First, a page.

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From Dalibor Topic <robi...@kaffe.org>
Subject Re: [legal] Proposed changes for the Bulk Contributor Questionnaire
Date Wed, 16 Nov 2005 01:20:28 GMT
Geir Magnusson Jr. wrote:
> You get a list of files.  You can go check them.  Is how those  matches
> were done significant?  Can you tell me the algorithm your  head uses? :)

Well, we could simply throw a dice, if how the matches were done is not
significant. :)

> Ah - yes.  That's they key.  We would only compare against code that  we
> were comfortable having someone look at.  Specifically, I'm afraid  of
> Sun code accidentally getting into our codebase, because the stuff  is
> so prevalent in the Java community.  It's in every Sun J2SE  distro....

That should be easy enough: just grep for "confidential J2SE software
from Sun, play nice and play fair!", or whatever the copyright headers
on such Sun software say.

Stuff beyound that would probably go beyound uncovering simple
accidents, and would require quite a bit of cooperation from Sun to
disclose the pedigree of their implementation's code and equivalent
copperation from the contributors.

Let me give you another scenario:

Purely hypothetically speaking, Sun's implementation may include third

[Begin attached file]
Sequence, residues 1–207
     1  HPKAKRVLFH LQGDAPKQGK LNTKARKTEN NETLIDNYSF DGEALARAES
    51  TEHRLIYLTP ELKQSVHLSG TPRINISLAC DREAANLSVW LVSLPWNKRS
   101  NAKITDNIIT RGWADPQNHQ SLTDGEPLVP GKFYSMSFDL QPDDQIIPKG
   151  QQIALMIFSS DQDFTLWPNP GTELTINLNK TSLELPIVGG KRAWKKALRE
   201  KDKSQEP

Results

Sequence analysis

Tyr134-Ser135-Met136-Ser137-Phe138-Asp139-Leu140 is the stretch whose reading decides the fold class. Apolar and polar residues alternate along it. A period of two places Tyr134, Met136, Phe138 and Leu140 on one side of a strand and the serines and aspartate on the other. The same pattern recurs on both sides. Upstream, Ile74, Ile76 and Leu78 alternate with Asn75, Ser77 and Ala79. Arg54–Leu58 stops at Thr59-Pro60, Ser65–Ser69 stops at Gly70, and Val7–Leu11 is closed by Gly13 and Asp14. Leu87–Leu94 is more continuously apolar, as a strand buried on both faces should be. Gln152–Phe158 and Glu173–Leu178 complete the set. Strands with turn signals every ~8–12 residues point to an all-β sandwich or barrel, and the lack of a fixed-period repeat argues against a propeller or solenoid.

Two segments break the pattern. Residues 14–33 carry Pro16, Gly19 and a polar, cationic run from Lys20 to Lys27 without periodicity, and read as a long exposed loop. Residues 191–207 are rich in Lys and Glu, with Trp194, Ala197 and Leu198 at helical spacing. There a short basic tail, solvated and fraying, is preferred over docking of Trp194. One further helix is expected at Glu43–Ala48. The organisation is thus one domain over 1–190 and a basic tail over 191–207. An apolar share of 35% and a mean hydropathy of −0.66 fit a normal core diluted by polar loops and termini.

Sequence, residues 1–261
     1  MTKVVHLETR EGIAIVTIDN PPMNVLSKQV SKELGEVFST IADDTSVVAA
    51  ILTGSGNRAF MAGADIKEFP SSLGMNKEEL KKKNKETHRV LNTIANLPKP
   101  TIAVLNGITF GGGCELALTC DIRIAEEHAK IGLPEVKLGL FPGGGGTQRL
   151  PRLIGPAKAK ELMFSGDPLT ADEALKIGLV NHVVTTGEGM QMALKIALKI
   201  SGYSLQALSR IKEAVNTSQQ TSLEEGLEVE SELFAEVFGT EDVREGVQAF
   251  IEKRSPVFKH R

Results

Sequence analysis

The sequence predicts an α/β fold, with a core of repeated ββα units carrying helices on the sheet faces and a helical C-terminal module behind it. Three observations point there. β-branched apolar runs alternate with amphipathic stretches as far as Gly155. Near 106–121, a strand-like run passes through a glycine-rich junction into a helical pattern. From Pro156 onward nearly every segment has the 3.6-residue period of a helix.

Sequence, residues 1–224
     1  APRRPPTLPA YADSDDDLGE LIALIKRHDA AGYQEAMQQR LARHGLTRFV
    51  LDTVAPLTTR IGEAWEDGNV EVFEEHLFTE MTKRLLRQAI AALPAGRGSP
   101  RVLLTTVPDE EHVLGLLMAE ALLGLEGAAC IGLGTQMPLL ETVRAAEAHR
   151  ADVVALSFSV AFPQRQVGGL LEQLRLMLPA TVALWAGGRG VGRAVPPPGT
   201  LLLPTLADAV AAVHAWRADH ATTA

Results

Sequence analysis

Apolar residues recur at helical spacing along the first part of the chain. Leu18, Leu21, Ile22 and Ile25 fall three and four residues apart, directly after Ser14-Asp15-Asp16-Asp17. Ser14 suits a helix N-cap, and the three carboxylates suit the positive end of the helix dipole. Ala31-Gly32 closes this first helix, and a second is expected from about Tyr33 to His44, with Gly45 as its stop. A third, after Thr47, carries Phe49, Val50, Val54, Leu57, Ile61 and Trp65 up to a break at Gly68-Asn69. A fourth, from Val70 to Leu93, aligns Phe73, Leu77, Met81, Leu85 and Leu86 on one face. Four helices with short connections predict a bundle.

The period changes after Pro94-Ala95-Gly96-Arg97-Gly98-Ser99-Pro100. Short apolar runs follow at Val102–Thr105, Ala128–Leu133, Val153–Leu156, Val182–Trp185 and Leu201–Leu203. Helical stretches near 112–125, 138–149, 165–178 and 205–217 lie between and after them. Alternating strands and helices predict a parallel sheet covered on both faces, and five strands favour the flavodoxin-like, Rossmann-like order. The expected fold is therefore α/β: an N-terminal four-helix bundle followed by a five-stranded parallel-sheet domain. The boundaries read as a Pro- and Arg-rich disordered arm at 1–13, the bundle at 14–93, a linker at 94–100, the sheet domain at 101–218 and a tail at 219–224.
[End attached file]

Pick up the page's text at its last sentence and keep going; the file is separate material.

party software, and changes to such software. Contributions from others
may include the same (open source, for the sake of argument) software
and similar changes in order to meet specific, common goals defined by
common specs.

How do we determine for sure who wrote what when, and who copied what
from whom, if that was OK then, and if the contributor has the right to
contribute his changes? In case of conflicting opinions, what do we do?
 Or even worse, if code comes from a now defunct and dead open source
project from 1997 [1], with noone around any more, the web site and
archives wiped out, what do we do? :)

I guess the point I'm trying to get across is that the best we can do
with our resources are very simple, almost trivial checks like checking
if the copyright headers are sane.

Anything beyond that gets very, very joyously complicated very quickly,
without permanent active assistance from everyone, including the
copyright holders of the proprietary implementations. Whether copyright
holders of proprietary implementations would be pleased to dedicate
resources for Harmony's potential regular inquiries about their code's
pedigree, I don't know. I'm not sure a pull model scales well in this
case. :)

dalibor topic

[1] Ueber-hypothetically, a BSD-ish licensed fork of Kaffe from back
then. It used to have a BSD-ish license, back in the days, and it got
forked quite a bit, afaict from the mailing list archives. All of that
was before my days, and quite a few of those forks are ... resting.:)

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